When the state owned this factory, there were 2,000 workers. Gerdau cut employment in half and now produces double the amount of steel,” says Francisco Deppermann Fortes, the plant’s human resources manager. “Since 1992, our productivity has jumped from 70 tons to 271 tons per employee per year.”

Yet Aços Finos Piratini is unique within the Gerdau group in that 75 percent of its production is destined for Brazil’s booming auto industry. Overall, 60 percent of total company sales go to the domestic construction industry, another 30 percent goes to the auto industry and other industrial customers, and the remaining 10 percent goes to agribusiness. Interestingly, Gerdau also has its hand in forestry and cattle, though such ventures account for less than 2.5 percent of total company revenues.

Gerdau’s strong presence in construction serves the company well, with Brazil’s building industry expected to expand by at least 4 percent in 2000. “Usually, the consumption of steel in Brazil is linked to GDP, so as GDP grows, we are also seeing huge growth in demand for steel products for civil construction projects,” says Marques. “Gerdau is the one supplying this steel.”

Gerdau, also vice president of trade industry lobby Instituto Brasileiro de Siderurgia, predicts Brazil’s steel industry will receive investments of US$12 billion between now and 2007, boosting capacity from the current 31 million tons per year to 40 million tons. Over the next three years, the company itself will invest US$100 million in three operations in northeastern Brazil: US$54 million will go to Usiba (Bahía state); US$33.5 million for Açonorte (in Pernambuco) and US$12.3 million to Cearense (in Ceará).

At the same time, Gerdau is pursuing opportunities outside of Brazil. Since 1980, when it purchased Siderúrugica Laisa S.A. in Uruguay, Gerdau has raised its profile throughout the Americas. “Early on, we began to be concerned about globalization,” says the CEO. “After we achieved a strong position in the Brazilian market, we had two options: diversify or use our know-how to invest in other countries. We concluded that we had to continue in the business we knew. Investors like companies that have a strong focus.”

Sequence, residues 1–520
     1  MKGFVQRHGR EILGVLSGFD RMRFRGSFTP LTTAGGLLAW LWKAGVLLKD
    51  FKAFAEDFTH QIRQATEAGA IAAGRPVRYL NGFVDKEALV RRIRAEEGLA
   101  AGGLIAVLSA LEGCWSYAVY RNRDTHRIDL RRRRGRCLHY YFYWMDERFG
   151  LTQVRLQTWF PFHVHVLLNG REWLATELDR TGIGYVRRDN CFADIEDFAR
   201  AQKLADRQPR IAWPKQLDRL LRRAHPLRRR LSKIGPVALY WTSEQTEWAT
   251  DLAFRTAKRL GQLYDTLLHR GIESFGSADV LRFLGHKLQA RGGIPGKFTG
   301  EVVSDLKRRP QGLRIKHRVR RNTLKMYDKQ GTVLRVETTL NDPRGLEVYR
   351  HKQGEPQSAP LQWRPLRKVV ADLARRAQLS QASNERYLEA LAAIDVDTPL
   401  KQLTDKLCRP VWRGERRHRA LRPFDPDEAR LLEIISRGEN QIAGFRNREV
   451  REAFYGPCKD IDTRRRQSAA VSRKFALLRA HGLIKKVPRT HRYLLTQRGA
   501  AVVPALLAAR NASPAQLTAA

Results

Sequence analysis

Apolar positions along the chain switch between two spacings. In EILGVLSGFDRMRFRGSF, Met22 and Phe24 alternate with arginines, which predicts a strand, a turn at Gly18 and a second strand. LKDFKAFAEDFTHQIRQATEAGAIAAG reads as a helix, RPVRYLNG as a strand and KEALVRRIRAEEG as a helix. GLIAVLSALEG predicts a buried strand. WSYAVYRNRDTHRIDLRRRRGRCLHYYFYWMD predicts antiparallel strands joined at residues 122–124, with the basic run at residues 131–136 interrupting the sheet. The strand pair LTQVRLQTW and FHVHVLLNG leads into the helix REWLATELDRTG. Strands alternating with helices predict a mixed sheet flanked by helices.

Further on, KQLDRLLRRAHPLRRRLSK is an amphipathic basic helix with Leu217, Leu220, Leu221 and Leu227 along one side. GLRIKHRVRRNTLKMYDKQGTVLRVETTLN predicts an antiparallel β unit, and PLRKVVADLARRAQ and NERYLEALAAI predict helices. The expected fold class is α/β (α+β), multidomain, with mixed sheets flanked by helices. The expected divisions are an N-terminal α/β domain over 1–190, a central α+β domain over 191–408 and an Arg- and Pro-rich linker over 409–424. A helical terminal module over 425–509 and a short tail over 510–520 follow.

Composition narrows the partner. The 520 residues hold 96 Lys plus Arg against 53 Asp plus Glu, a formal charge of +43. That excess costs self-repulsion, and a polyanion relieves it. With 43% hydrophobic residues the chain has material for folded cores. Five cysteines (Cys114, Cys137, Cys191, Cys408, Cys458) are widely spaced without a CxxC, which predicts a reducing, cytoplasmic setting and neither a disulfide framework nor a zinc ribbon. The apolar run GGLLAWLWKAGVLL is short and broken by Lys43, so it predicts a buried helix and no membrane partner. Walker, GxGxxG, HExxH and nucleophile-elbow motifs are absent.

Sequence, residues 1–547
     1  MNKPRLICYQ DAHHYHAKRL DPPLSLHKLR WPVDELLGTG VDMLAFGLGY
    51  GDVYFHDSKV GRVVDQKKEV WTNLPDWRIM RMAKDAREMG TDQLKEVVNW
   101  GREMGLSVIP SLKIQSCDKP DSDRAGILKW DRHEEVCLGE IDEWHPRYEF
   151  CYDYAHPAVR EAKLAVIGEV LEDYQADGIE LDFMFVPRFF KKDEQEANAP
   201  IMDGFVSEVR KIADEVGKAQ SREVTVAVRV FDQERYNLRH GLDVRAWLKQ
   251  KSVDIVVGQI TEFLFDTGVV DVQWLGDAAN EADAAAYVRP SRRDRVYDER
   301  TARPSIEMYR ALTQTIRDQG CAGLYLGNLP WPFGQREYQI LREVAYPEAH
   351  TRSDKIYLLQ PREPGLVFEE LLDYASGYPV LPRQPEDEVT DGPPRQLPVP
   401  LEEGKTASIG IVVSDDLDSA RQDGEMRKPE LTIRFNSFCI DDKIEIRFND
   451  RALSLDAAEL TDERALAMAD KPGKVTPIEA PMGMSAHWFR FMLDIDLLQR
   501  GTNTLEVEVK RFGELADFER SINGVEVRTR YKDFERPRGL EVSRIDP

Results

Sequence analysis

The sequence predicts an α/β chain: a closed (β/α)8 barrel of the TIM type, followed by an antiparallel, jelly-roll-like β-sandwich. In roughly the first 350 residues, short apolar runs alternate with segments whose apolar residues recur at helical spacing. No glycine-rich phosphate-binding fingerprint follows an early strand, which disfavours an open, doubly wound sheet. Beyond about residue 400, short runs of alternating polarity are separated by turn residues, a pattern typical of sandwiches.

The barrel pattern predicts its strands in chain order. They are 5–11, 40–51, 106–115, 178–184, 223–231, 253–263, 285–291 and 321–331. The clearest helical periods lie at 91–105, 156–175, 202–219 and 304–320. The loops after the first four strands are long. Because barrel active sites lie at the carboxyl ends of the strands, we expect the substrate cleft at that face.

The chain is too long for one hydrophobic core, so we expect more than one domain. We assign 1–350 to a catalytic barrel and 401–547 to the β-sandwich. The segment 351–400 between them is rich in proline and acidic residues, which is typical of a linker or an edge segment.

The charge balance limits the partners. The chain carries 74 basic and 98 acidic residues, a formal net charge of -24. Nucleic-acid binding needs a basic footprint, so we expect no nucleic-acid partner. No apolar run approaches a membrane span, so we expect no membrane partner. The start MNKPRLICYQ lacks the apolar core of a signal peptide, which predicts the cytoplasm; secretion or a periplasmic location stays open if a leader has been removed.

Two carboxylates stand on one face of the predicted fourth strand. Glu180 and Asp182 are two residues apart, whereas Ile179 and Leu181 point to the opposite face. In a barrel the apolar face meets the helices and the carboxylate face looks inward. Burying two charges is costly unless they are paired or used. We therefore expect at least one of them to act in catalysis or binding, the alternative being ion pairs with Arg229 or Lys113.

At present, Gerdau owns 100 percent of Canada’s Courtice Steel Inc. and Manitoba Rolling Mills; 100 percent of Chile’s Siderúrgica AZA; 100 percent of Uruguay’s Laisa; 73 percent of Argentina’s Sipsa and 38 percent of another Argentine company, Sipar. It also owns 75 percent of US-based AmeriSteel, which it acquired for US$262 million last year.

The purchase of AmeriSteel represents an important reduction in risk for Gerdau,” says Marques. “Entry into the US market – one in which the structure of demand is much more stable than in Brazil – should lead to a notable diversification of risk for the company.”

Gerdau’s global positioning has already paid off handsomely for the company, in particular insulating it from President Fernando Henrique Cardoso’s January 1999 devaluation of the Brazilian real. “We had US$400 million in dollar debt, but also US$400 million invested in outside companies, so the two situations balanced each other. As the dollar became stronger, our investments were worth more,” says the CEO.

About the only thing that concerns Gerdau is how long the current stretch of good luck will last.

Two years ago, we ranked 50th among international steel producers. Today we are 20th,” he says. “Even though we have a good position domestically, there are lots of mergers in the steel industry. We must be in a better position to compete internationally.”